Benefits and Risks – DBS Therapy

Although there is currently no cure for Parkinson's disease, Medtronic Deep Brain Stimulation (DBS) Therapy for Parkinson's disease (PD) can treat some of the symptoms of Parkinson's disease.1 DBS does not cure the underlying condition. If the therapy is discontinued, your symptoms will return.


DBS has been proven to reduce some of the symptoms associated with Parkinson's disease.1

Medtronic DBS Therapy is currently approved to treat Parkinson’s disease, essential tremor, and dystonia.* Since 1997, more than 50,000 patients worldwide have benefited from Medtronic DBS Therapy.2

Deep Brain Stimulation Therapy is:

  • Effective – The Medtronic DBS System delivers stimulation to targeted areas in the brain. In the PD clinical study, 87% of patients demonstrated improved motor scores in the OFF medication state at the end of the 12 month evaluation.2
  • Adjustable – Stimulation parameters can be set by your clinician to meet your specific needs.
  • Reversible – Unlike other surgical treatments, DBS Therapy does not involve the removal of any part of your brain. The Medtronic DBS system may be turned off or removed.


Risks of DBS Therapy can include risks of surgery, side effects, or device complications. Implanting the neurostimulator system carries the same risks associated with any other brain surgery.

Your doctor can provide more information about these and other potential risks and side effects. Many side effects related to stimulation can be managed by adjusting the stimulation settings. Several follow-up visits may be needed to find the best stimulation settings.

Risks of surgery may include:

  • Paralysis, coma, and/or death
  • Bleeding inside the brain (intracranial hemorrhage)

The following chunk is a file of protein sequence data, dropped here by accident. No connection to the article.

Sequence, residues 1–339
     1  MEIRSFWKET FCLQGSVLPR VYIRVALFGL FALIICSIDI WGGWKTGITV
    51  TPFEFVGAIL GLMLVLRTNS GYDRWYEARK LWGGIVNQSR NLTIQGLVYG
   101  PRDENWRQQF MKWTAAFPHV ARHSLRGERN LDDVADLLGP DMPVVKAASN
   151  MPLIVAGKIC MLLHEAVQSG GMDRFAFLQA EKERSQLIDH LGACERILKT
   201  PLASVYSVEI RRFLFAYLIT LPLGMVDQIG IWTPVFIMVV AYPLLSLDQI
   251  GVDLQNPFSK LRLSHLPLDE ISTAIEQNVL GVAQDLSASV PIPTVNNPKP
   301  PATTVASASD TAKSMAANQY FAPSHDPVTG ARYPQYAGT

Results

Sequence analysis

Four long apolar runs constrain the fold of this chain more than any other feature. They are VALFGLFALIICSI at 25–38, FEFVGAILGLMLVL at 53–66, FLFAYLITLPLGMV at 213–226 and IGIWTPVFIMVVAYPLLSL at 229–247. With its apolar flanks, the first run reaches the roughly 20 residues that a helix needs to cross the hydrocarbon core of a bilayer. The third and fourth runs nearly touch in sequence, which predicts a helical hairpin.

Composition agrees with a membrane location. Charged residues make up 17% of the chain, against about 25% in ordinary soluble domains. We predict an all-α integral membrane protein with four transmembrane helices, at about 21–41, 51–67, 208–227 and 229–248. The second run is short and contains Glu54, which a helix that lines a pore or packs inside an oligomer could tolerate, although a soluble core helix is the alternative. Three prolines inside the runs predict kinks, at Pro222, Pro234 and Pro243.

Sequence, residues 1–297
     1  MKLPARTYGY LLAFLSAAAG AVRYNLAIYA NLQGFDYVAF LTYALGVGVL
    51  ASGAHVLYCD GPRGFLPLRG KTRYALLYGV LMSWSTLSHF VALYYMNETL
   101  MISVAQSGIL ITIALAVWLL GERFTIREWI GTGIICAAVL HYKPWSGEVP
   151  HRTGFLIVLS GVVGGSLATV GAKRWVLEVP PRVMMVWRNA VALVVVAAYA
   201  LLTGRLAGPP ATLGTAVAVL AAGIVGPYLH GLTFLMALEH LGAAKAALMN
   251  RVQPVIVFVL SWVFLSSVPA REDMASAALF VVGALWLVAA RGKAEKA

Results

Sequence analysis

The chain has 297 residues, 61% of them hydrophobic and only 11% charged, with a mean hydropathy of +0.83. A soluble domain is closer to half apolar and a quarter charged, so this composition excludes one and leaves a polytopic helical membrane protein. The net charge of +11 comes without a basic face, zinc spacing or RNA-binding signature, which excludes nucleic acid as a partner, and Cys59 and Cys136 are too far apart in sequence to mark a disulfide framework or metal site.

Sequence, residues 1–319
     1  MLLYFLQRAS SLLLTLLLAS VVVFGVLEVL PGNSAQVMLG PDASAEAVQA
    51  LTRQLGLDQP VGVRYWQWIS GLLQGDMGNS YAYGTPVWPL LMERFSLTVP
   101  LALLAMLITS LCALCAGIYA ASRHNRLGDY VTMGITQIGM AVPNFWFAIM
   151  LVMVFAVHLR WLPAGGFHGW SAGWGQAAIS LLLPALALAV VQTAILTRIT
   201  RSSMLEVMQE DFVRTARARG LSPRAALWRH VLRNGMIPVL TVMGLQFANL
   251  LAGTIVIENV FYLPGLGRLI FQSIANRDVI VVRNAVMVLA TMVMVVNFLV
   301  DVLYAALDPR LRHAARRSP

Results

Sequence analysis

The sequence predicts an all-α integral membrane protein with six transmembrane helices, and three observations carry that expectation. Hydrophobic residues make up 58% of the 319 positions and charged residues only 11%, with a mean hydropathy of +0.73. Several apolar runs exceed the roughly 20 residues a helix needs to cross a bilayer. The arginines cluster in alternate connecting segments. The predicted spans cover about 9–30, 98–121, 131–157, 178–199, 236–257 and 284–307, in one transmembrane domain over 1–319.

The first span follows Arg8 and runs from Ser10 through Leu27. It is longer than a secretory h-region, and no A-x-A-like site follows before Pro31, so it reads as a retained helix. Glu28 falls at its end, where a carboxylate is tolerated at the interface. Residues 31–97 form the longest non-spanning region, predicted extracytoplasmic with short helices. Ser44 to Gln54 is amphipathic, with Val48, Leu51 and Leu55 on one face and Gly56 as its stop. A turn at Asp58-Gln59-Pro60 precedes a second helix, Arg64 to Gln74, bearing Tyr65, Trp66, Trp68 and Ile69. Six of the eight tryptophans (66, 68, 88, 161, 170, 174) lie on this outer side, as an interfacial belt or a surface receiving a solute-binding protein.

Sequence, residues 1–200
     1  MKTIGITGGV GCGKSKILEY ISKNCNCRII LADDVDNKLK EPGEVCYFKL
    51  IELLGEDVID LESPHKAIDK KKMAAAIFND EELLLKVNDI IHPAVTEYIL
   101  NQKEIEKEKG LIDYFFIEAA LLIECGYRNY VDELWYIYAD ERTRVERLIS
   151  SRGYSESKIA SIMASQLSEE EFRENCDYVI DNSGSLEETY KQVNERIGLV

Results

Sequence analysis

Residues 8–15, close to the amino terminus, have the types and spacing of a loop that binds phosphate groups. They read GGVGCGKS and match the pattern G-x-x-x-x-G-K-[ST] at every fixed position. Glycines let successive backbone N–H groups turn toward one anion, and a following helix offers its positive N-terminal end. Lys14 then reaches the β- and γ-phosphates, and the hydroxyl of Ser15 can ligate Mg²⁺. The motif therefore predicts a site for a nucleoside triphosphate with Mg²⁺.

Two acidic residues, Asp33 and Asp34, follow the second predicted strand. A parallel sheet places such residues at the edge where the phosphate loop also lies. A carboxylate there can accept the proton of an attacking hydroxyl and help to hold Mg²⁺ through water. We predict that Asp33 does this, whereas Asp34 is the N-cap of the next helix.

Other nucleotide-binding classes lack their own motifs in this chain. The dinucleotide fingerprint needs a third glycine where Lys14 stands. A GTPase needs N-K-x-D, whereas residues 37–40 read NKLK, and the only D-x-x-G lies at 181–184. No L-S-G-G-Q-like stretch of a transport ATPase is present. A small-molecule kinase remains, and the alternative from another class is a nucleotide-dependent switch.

• Leakage of fluid surrounding the brain
  • Seizures 
  • Infection
  • Allergic response to implanted materials
  • Temporary or permanent neurological complications
  • Confusion or attention problems
  • Pain at the surgery sites
  • Headache

Side Effects

Possible side effects of brain stimulation may include:

  • Tingling sensation (paresthesia)
  • Temporary worsening of symptoms
  • Speech problems like whispering (dysarthria), and trouble forming words (dysphasia)
  • Vision problems (double vision)
  • Dizziness or lightheadedness (disequilibrium)
  • Facial and limb muscle weakness or partial paralysis (paresis)
  • Abnormal, involuntary movements (chorea, dystonia, dyskinesia)
  • Movement problems or reduced coordination
  • Jolting or shocking sensation
  • Numbness (hypoesthesia)

Device Complications

Possible device complications include:

  • Pain, lack of healing, or infection where the Medtronic DBS System parts are implanted
  • Infection or scarring caused by the system parts wearing through your skin
  • Readjustment surgery if the lead or lead/extension connector moves, or if mechanical or electrical problems occur
  • An allergic reaction to or rejection of the system by your body
  • Tissue damage resulting from programming parameters or a malfunction of one of the parts of the system

*Humanitarian Device: The effectiveness of this device for the treatment of dystonia has not been established.


  1. Activa Therapy Clinical Summary, 2003
  2. Data on File at Medtronic, Inc.

Information on this site should not be used as a substitute for talking with your doctor. Always talk with your doctor about diagnosis and treatment information.

Last updated: 22 Sep 2010

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